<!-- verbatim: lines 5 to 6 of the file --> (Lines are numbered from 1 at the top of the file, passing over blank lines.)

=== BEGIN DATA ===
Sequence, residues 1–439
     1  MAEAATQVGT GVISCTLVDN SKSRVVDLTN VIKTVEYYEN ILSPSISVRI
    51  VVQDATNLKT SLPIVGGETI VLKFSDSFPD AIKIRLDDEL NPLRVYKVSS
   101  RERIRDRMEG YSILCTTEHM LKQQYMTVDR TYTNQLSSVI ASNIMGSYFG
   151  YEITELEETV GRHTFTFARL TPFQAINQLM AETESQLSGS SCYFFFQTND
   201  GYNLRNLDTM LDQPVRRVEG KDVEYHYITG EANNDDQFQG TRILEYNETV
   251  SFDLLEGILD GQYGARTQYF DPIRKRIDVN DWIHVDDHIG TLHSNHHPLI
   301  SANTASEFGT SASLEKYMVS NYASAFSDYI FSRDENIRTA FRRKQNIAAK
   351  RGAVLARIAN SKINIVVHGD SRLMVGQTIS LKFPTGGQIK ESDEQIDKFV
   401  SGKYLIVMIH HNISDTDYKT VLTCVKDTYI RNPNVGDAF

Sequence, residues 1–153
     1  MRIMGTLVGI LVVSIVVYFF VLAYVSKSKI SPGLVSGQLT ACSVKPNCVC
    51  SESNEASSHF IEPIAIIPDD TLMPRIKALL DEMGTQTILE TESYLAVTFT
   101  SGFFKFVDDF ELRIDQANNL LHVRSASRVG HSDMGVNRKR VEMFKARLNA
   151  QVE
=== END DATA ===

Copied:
   151  YEITELEETV GRHTFTFARL TPFQAINQLM AETESQLSGS SCYFFFQTND
   201  GYNLRNLDTM LDQPVRRVEG KDVEYHYITG EANNDDQFQG TRILEYNETV